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Daisy Chain: An Advance Look at Season Two of "Pushing Daisies"

Everyone who knows me knows that I love television but I can often be a harsh critic of the beast, having worked on both sides of the medium for many years. So when I first saw Pushing Daisies early last year, I knew a series had come along that was strikingly different, wholly original, and definitely danced to the beat of its own drum.

And then the writers strike happened last fall, curtailing production on Pushing Daisies and giving its fans only nine superlative episodes filled to the brim with resurrection, pie, monkeys, and a whole host of ephemera from the furtive mind of series creator Bryan Fuller. Forced to wait ten months since the end of the truncated first season, I've been in severe withdrawal from the candy-colored Pushing Daisies.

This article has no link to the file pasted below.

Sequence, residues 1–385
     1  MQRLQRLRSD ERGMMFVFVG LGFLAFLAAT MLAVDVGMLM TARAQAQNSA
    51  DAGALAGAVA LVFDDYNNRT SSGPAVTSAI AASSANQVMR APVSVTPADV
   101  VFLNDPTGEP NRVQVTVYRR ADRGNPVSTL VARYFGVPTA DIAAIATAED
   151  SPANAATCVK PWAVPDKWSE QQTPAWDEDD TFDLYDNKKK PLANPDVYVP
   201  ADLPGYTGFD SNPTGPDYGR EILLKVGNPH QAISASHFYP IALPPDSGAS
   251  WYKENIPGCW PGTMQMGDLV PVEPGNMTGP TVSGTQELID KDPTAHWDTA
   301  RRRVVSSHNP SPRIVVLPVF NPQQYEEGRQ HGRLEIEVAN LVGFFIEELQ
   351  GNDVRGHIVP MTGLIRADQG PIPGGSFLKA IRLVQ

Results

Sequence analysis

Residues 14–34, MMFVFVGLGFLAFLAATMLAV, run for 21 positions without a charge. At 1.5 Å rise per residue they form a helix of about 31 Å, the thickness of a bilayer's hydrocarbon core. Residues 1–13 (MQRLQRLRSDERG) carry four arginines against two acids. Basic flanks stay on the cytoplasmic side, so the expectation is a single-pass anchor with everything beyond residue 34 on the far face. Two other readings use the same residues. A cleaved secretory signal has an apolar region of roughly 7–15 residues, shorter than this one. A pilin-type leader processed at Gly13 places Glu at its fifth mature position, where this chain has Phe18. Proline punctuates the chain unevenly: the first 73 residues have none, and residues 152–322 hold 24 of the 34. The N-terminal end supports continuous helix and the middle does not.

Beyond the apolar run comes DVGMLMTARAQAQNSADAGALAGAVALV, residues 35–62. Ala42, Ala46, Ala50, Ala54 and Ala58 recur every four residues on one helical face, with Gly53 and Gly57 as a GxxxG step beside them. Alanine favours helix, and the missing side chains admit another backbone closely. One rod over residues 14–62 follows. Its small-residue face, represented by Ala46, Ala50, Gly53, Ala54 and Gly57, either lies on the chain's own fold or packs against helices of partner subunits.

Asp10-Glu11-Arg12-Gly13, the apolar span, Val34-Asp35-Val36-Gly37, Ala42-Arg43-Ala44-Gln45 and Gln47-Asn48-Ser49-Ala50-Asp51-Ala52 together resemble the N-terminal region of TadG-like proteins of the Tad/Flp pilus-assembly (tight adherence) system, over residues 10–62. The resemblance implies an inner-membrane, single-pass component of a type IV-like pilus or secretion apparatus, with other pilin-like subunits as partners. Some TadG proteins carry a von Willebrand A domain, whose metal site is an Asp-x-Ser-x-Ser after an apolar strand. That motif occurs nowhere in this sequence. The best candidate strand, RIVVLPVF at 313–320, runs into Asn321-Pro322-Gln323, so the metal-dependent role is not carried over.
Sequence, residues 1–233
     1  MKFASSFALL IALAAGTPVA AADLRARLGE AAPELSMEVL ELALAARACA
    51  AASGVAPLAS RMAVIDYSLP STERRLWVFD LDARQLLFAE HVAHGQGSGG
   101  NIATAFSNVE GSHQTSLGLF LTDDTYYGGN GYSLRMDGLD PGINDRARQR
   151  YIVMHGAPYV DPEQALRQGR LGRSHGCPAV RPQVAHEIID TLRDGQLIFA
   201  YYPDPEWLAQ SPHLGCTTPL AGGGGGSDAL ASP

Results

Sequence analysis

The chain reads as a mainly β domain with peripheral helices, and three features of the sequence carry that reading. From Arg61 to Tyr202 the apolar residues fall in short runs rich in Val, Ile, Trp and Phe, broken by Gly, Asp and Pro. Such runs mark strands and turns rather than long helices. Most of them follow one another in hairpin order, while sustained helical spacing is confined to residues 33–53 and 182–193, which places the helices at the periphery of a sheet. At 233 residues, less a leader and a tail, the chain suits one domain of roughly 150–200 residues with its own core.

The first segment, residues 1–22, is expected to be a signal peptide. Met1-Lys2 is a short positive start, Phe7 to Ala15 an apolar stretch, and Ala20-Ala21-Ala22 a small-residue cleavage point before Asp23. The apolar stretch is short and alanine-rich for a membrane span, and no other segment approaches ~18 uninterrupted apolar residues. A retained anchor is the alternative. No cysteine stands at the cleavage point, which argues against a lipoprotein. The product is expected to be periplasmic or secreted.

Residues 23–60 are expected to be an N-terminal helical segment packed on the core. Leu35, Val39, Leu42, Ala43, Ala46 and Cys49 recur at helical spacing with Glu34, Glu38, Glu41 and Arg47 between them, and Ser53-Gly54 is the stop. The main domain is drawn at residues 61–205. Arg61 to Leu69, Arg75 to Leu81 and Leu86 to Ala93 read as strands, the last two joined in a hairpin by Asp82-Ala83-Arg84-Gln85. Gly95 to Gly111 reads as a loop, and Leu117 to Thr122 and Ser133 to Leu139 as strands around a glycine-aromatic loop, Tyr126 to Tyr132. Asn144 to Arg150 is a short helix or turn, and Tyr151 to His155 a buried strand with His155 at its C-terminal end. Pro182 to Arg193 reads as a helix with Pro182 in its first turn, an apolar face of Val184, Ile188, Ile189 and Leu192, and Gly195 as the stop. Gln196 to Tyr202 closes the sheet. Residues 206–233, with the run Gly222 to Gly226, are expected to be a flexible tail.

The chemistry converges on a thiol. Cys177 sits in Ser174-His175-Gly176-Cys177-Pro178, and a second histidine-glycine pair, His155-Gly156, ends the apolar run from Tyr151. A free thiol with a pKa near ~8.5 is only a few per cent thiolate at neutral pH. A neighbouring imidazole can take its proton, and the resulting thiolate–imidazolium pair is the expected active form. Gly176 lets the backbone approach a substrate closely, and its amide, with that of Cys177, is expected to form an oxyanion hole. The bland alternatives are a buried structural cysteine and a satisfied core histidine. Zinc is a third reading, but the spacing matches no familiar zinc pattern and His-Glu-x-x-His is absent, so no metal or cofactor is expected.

So imagine my absolute glee when I received the first three episodes of Season Two of Pushing Daisies a few weeks back. No power in heaven or hell could have prevented me from hungrily devouring these morsels after such a long fasting period but I was worried: would the series live up to my extremely high expectations after all of this time?

I'm happy to say that not only does Season Two of Pushing Daisies fulfill my hunger but surpasses it, crafting a series of new beginnings for Ned, Emerson, Chuck, Lily, and Vivian and turning the entire ordered universe of The Pie Hole on its head. And yet Daisies manages to be as comfortable and comforting as a slice of cherry pie, a warm mug of cocoa, or whatever it is that makes you feel all snuggly and safe on a cold winter's night.

So what can we expect from the start of Pushing Daisies' second season? Let's talk.